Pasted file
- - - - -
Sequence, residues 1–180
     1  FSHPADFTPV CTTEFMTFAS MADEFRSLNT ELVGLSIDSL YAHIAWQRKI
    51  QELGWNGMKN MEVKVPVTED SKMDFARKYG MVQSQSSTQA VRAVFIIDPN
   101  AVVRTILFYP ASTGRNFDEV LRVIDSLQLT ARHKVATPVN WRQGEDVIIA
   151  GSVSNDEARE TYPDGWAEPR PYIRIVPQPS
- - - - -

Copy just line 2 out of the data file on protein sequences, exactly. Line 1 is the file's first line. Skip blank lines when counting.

     1  FSHPADFTPV CTTEFMTFAS MADEFRSLNT ELVGLSIDSL YAHIAWQRKI